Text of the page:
Thark review at Park Theatre London
“Fancy a quickie just to rock you off?”, enquires Clive Francis’s Sir Hector Benbow, as James Dutton’s Ronnie Gamble (his nephew) joins him in the bed they’re sharing for the night. No, we’re not in Joe Orton territory here, but the rather more innocent comic universe of Ben Travers – one of strange manners, even stranger mannerisms and the strangest happenings in the middle of the night that are still weirder than that invitation.
The play is equal parts Ray Cooney sex farce and Haunted House comedy, but unfortunately it doesn’t come to the boil as fully as it might in Eleanor Rhode’s unevenly cooked production. Thark at the Park should be a lark, but the acting style is often too broad to redeem the frequently laboured comedy.
The honourable exception is James Dutton, who brings an air of sustained befuddlement and hilarious panic to the nephew, fiercely trying to scramble to cover his would-be philandering uncle’s invitation to a South Molton Street shop girl to come to dinner from his dragon aunt, and meanwhile arousing the suspicions of his own fiancee.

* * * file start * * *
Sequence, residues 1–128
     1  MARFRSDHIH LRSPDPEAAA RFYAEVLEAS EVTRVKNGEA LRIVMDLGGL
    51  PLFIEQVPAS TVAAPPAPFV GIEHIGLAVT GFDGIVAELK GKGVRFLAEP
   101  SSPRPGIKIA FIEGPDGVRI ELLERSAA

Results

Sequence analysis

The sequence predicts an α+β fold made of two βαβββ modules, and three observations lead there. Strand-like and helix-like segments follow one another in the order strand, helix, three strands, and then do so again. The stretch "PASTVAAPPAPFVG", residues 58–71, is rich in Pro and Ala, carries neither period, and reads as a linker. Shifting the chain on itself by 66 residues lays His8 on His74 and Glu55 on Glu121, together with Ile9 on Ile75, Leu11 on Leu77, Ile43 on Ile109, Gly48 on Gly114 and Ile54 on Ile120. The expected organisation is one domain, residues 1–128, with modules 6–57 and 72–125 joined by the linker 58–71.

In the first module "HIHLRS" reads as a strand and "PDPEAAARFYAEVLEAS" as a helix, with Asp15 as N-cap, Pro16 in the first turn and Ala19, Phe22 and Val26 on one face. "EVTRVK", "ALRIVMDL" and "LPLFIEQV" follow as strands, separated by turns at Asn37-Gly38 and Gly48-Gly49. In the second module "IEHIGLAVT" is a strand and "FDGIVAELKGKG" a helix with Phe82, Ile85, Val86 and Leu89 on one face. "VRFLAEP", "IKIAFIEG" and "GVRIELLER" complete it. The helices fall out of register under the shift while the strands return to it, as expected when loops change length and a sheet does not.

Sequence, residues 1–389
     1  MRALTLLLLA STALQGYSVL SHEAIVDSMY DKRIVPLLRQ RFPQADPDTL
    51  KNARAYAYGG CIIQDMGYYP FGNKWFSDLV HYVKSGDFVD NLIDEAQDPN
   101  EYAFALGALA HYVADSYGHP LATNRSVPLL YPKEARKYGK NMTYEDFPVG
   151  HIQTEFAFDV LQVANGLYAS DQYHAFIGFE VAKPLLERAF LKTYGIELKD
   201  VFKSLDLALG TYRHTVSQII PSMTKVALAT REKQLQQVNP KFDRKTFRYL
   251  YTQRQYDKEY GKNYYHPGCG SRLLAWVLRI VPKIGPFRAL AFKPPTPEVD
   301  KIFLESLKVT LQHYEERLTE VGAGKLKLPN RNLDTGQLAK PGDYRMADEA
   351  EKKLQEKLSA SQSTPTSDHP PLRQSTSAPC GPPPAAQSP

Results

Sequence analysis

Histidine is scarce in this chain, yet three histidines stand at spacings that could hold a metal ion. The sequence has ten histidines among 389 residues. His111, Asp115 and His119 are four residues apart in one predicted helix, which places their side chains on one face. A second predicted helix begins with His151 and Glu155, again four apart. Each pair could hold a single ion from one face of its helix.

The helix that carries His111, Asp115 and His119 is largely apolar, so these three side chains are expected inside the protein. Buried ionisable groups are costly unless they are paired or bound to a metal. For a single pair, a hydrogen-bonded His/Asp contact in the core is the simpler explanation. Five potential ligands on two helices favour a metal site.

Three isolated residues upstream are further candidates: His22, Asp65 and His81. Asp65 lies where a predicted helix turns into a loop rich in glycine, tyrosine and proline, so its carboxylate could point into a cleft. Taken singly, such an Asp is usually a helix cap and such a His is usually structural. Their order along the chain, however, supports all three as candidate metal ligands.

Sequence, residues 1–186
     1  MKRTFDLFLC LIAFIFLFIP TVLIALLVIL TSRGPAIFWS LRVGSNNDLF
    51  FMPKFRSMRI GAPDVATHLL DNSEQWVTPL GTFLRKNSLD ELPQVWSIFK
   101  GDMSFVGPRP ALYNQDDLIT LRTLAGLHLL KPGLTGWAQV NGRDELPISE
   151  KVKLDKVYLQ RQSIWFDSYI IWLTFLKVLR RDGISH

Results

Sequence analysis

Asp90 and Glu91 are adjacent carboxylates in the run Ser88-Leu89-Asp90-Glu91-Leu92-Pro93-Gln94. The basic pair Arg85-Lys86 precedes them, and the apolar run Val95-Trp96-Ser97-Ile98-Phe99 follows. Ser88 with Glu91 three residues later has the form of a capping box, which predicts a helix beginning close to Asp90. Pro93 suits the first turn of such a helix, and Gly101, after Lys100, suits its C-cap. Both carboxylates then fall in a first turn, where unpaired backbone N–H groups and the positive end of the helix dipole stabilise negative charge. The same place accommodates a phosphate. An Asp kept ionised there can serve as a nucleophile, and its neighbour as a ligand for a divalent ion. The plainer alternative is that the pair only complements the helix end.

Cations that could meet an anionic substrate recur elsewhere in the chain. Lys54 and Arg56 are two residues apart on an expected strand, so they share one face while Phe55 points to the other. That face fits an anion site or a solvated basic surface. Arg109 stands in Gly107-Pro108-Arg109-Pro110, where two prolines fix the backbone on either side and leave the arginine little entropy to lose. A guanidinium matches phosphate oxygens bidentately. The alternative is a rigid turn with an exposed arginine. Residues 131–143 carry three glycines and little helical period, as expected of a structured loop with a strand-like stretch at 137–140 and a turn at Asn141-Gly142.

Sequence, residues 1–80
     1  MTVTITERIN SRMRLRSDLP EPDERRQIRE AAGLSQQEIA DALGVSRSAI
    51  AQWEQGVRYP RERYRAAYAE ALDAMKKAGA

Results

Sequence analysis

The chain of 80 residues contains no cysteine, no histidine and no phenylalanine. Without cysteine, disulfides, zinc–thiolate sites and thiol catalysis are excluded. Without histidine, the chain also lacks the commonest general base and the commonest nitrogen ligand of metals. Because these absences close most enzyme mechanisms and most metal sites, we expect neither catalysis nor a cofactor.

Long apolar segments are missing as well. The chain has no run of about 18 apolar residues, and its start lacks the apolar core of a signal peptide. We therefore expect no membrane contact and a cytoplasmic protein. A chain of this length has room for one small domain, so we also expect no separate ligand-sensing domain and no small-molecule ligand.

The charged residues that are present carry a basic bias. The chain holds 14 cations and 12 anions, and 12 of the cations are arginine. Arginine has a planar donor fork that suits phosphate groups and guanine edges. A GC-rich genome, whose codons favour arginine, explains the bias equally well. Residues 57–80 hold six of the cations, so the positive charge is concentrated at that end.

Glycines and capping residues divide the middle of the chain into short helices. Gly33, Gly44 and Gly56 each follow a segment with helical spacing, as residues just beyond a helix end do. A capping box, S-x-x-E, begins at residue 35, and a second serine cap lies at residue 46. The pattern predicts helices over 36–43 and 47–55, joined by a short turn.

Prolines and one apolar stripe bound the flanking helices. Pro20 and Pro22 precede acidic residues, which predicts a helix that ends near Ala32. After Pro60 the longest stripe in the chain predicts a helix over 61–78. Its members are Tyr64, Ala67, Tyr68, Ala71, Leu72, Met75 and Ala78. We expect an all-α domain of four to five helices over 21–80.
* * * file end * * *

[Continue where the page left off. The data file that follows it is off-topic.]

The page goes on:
There’s a likably innocent and quaint charm to the escalating tide of comic panic that ensues, but the distinctive rhythms required to keep these balls in the air are not always caught by a cast who follow Clive Francis’s lead in giving it more bluster than bite.
Park Theatre, London, August 21-September 22
- Ben Travers (adapted by Clive Francis)
- Eleanor Rhode
- Snapdragon Productions, Damian Arnold
- Clive Francis, James Dutton, John Wark, Sarah-Jayne Butler, Lucy May Barker, Richard Beanland, Mary Keegan, Claire Cartwright, Jaonna Wake, Andrew Jarvis
- Running time
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